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    ERH81's Avatar
    ERH81 Posts: 11, Reputation: 1
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    #1

    Feb 13, 2015, 05:34 AM
    Overtime pay withheld due to company policy
    I was told that there was no overtime at my job. There is an annual event that we all go to and get paid OT for but that's it. My Managers were aware that I was working later on a big project I was given and I was not paid for it. A year later, I questioned why we are made to sign pre-filled with 40 hours "timecards" if we (all hourly employees) paid a straight 40 hours and it was mentioned that overtime had to be pre-approved, a policy I never heard of. I then asked if anyone was getting overtime and through various measures between my boss and I, where he showed me payroll data and I showed him payroll data, that I had access to (pulled-up in his presence) revealing that a manager - who was aware of my own OT, & processes payroll, was paid for OT, while I was not.
    I did not demand payment, just advised my superior that it was an unethical practice to pay selective OT.
    I have since been threatened with legal action by the manager who paid OT to themselves and berated by coworkers who were told a skewed count of what transpired during that confidential conversation with my manager. Since, a memorandum has been circulated stating immediate termination will occur if anyone is"illegally" accessing employee payroll records.
    My question is: Can they fire me or take legal action against me?
    I'm aware I have a case but would prefer to keep my job than take it there.
    J_9's Avatar
    J_9 Posts: 40,299, Reputation: 5646
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    #2

    Feb 13, 2015, 05:41 AM
    Are you a salaried employee or hourly?
    ebaines's Avatar
    ebaines Posts: 12,132, Reputation: 1307
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    #3

    Feb 13, 2015, 05:47 AM
    Requiring pre-approval for OT is quite common. Employees accessing private payroll data without authorization can indeed be a punishable offense. But since the memo has been circulated and no action taken against you, they may be letting that prior indiscretion pass. As for managers getting OT - that's unusual, as a manager is typically an exempt position (i.e, salaried, not hourly pay). However, I do know some organizations that pay salaried people OT if they need to put in extra hours for an extended period of time. My suggestion is if you feel you need to work extra hours get authorization from your manager first, and if he says no then don't stay late.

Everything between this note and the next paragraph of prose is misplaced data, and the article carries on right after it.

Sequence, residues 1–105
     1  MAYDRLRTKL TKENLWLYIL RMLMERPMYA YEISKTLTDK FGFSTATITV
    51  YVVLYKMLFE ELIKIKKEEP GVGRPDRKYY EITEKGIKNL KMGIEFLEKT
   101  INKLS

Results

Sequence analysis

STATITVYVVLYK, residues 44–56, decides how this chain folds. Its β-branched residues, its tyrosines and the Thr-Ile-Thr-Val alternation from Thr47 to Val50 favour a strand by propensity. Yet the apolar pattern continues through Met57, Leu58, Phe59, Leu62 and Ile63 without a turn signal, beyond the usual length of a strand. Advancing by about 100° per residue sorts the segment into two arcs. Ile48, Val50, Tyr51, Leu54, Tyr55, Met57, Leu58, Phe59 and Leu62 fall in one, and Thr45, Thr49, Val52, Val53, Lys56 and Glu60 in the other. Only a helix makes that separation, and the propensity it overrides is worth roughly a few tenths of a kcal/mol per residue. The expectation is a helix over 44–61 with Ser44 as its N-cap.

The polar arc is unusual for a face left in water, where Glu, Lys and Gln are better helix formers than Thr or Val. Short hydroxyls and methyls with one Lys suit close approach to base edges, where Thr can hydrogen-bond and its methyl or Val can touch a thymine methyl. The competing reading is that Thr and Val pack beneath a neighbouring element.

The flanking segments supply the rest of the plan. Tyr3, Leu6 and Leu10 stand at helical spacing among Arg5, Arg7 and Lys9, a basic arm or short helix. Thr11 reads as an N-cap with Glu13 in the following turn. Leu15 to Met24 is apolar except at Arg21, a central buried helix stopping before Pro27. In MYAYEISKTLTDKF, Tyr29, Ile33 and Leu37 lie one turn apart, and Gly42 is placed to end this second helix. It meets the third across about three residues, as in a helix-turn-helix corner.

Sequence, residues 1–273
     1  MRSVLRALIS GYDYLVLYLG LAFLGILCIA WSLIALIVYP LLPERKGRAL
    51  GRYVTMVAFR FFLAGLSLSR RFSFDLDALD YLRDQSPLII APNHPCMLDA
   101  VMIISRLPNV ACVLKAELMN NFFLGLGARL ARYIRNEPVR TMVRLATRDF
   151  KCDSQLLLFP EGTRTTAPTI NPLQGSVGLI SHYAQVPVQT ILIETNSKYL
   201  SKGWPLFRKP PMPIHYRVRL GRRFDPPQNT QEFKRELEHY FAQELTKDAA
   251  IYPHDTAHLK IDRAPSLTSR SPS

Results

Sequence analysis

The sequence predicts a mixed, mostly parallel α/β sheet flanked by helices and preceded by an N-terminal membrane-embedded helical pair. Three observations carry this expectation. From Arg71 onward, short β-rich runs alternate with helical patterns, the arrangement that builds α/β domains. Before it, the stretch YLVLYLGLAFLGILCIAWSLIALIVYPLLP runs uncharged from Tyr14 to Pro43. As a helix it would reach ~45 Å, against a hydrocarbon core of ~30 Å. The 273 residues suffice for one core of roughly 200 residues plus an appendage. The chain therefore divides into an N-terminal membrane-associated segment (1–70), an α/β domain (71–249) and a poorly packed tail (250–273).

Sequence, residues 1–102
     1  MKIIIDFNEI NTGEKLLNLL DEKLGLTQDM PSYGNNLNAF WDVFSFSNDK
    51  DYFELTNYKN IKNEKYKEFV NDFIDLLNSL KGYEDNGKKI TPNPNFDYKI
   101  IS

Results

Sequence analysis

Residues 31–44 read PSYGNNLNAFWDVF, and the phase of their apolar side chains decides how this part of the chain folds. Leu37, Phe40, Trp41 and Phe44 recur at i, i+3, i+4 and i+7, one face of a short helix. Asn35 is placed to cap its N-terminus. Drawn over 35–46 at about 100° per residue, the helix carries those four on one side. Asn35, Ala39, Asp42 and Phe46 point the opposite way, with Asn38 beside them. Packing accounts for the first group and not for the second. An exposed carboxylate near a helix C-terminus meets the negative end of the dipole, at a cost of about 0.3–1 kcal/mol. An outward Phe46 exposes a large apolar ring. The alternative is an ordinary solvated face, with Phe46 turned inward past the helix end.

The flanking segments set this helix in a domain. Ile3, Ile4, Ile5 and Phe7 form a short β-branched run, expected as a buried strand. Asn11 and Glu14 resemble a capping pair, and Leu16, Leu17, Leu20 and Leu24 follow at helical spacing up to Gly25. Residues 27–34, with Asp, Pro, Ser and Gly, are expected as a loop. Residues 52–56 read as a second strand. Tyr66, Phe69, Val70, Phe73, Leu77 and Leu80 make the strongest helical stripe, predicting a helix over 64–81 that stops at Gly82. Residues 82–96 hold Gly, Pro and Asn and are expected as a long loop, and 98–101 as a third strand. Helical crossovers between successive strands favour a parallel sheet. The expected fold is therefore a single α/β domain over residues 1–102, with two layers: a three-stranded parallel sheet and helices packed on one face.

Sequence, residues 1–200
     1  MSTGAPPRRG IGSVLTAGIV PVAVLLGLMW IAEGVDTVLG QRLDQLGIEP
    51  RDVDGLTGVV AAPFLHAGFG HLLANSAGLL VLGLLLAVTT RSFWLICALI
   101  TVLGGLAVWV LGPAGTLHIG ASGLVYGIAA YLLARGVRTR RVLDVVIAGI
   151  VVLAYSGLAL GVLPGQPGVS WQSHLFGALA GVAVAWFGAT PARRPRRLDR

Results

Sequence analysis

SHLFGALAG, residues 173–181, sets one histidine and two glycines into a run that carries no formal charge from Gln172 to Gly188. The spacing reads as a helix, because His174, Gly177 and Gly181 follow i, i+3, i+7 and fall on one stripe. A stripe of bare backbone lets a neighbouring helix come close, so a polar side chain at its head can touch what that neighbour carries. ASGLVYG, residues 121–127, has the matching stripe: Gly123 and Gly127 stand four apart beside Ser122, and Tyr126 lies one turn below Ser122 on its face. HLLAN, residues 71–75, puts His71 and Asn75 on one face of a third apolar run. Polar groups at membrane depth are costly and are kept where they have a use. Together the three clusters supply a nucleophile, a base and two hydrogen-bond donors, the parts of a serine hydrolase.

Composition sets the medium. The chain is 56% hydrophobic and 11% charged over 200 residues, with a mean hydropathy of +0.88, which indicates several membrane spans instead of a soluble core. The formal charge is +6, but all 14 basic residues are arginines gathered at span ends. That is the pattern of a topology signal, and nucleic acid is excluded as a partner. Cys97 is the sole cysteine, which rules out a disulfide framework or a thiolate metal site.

ScottGem's Avatar
    ScottGem Posts: 64,966, Reputation: 6056
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    #4

    Feb 13, 2015, 06:28 AM
    The bottom line here is that salaried employees do not get overtime. Its not that overtime pay was withheld. It just is not required. However, company policy may provide compensatory time under certain conditions as long as the policy is applied without discrimination.

    Many companies do require salaried employee to complete "timecards" just for headcount and tardiness purposes, not for pay.

    If you are a salaried employee you do NOT work OT but may put in extra time beyond your scheduled hours. I work 8:30-5:00, but I'm routinely at my desk prior to 7:30 and need to stay late on occasion. It is just part of the job. By making an issue of this, you have probably been branded a trouble maker. You may have forced managers to stop paying people who work late causing resentment among your co-workers.

    If I were you, I would be looking for another job. You are probably in an at-will state where they can fire you without cause. I don't see any cause of legal action against you however.
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    ERH81 Posts: 11, Reputation: 1
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    #5

    Feb 13, 2015, 06:38 AM
    Quote Originally Posted by J_9 View Post
    Are you a salaried employee or hourly?
    I am hourly. But it was stated that no one gets overtime. That was clearly not the case.
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    #6

    Feb 13, 2015, 06:58 AM
    Quote Originally Posted by ERH81 View Post
    I am hourly. But it was stated that no one gets overtime. That was clearly not the case.
    That explains why the company's ire against you. Federal Law requires that hourly workers get paid for all time they work. If the Feds find that your company is not keeping accurate records of time worked and not paying hourly employees for that time they could find themselves in big trouble.
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    #7

    Feb 13, 2015, 07:05 AM
    Quote Originally Posted by ScottGem View Post
    That explains why the company's ire against you. Federal Law requires that hourly workers get paid for all time they work. If the Feds find that your company is not keeping accurate records of time worked and not paying hourly employees for that time they could find themselves in big trouble.
    So the rebuttal given of "You didn't request it in writing with pre-approval" (which is not a written policy I've ever heard of) is not sufficient?
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    #8

    Feb 13, 2015, 07:36 AM
    Quote Originally Posted by ERH81 View Post
    So the rebuttal given of "You didn't request it in writing with pre-approval" (which is not a written policy I've ever heard of) is not sufficient?